Oceana: Only joint efforts can save the oceans
Unprecedented deterioration of world’s oceans requires action from both citizens and governments, and for countries to boost cooperation efforts
Press Release Date: June 7, 2019
Emily Fairless | email: firstname.lastname@example.org
JUNE 8, WORLD OCEANS DAY
Ahead of World Oceans Day, Oceana calls for joint efforts from citizens and governments as the only way to restore the seas and repair damage to marine life. With plastic pollution reaching the deepest part of the ocean, one-third of fish populations overfished, and industrial activities damaging marine habitats, virtually everybody on the planet has a role to play in preserving the oceans.
“The oceans belong to all of us, and saving them must be a joint effort from everyone and every government in all corners of the planet. From curbing plastic consumption, that sadly is on the rise, to joining beach clean-ups, today we can see how a growing global movement is demanding we look after our seas and marine life”, said Pascale Moehrle, executive director for Oceana Europe. “We demand our politicians be ocean leaders by agreeing on solid measures to fish sustainably, curb pollution and protect marine ecosystems”, added Moehrle.
Dozens of political moves to tackle ocean issues have come and gone over the past decades, but the pace at which measures are implemented is too slow to halt marine wildlife loss. Global problems require global solutions – coral reefs will not be preserved if we do not reduce global warming, just as sharks will not be saved if only some of the fishing fleets catching them do it sustainably.
Artisanal fishing of swordfish. Ganzirri, Italy. © OCEANA / Alessandro Donelli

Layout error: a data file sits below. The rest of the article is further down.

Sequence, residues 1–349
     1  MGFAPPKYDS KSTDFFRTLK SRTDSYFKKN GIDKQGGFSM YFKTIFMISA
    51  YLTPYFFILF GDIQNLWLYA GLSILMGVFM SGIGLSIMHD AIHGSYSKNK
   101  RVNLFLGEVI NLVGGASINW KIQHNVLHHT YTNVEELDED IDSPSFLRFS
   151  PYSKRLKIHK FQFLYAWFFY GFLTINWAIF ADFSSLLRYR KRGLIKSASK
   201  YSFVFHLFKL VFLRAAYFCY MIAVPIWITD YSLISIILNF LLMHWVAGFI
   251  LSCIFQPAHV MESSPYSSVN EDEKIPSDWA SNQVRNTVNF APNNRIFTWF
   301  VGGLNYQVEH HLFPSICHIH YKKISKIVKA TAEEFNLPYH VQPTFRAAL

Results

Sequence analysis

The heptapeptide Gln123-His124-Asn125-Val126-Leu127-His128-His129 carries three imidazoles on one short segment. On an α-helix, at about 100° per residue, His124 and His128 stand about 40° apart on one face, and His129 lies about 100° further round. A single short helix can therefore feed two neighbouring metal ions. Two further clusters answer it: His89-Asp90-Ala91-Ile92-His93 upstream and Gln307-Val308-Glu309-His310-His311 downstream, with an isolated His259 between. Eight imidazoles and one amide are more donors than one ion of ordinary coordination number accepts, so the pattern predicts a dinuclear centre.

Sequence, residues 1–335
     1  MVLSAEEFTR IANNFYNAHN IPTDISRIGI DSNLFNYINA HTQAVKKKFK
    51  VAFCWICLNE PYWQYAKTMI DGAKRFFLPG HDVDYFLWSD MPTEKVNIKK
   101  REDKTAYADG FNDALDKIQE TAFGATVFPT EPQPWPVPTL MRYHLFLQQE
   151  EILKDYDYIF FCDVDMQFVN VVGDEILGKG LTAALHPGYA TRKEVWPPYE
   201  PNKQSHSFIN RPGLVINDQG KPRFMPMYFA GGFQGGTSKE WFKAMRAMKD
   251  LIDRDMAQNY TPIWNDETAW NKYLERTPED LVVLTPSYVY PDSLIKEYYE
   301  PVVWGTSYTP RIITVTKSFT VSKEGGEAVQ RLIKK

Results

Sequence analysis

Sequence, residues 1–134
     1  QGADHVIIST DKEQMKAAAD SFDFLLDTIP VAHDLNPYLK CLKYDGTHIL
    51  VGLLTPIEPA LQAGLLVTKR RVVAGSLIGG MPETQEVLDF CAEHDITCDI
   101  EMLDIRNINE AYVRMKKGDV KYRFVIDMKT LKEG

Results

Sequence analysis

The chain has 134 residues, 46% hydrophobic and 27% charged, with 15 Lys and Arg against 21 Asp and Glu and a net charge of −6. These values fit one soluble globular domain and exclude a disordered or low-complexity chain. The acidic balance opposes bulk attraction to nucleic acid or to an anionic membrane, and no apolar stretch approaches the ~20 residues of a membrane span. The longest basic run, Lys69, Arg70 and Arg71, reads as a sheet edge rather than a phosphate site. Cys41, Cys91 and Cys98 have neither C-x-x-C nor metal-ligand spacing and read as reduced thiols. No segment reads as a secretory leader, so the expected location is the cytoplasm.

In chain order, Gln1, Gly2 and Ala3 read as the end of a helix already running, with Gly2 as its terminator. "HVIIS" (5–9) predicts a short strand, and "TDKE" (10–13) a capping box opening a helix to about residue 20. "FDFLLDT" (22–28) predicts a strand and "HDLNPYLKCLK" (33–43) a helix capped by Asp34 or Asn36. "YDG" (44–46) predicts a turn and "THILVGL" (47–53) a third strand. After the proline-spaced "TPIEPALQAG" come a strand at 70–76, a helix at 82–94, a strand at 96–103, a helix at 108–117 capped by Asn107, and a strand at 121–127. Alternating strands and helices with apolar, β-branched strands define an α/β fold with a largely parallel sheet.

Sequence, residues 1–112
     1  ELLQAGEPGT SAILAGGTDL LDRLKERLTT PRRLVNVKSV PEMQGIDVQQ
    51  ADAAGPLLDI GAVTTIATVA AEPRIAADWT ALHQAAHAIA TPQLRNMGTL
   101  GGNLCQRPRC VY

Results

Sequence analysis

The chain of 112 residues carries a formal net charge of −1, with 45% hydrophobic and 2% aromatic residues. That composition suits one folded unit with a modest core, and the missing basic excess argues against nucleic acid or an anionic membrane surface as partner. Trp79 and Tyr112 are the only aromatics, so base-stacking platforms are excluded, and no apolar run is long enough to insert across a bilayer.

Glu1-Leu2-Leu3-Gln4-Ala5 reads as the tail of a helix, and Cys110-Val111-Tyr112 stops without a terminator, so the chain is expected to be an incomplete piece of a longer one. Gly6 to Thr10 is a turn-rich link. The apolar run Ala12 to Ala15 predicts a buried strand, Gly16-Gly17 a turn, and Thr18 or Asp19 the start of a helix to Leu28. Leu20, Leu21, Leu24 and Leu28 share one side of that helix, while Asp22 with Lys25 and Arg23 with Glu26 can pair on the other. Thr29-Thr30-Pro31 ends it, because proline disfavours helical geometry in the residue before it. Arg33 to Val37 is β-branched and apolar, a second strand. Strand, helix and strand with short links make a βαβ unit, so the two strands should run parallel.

Marine litter. Saint George canyon, Lebanon © OCEANA
Pirate fishing vessel. Mindelo, Cape Verde © OCEANA
The Mediterranean Sea is one of the world’s biodiversity hotspots and at the height of an environmental crisis. Only two species (bluefin tuna and swordfish) have internationally-agreed catch limits. A “Wild West” fishing situation has led to this sea being the world’s most overfished, according to the UN’s FAO. Pirate fishing inside protected areas or the use of illegal driftnets (so-called “walls of death”, banned by the UN thirty years ago) also exacerbate the problem. Real regional cooperation is needed more than ever to address this environmental crisis.
Oceans provide food, oxygen, clean energy and moderate temperatures as long as they are well preserved. No other component of our planet provides as many resources, a reason why the United Nations has named 2021-2030 the Decade of Ocean Science for Sustainable Development and is one of the Sustainable Development Goals (no. 14), which focuses on Life Below Water.
Quick Ocean Facts:
- 80% of marine litter is plastic
- One-third (33%) of global fishing stocks are overexploited
- Ocean-dwelling species are disappearing from their habitats at twice the rate of those on land, as they have fewer ways to seek refuge from warming
- The Mediterranean is the most overfished sea in the world, where 80% of fish stocks are overexploited
- The IUCN calls for 30% of the ocean to be protected by 2030, only 7.6% is protected so far
- Pirate fishing – illegal, unreported and unregulated (IUU) fishing – accounts for 1 in 5 fish caught, and costs the global economy between $10-23 billion in losses a year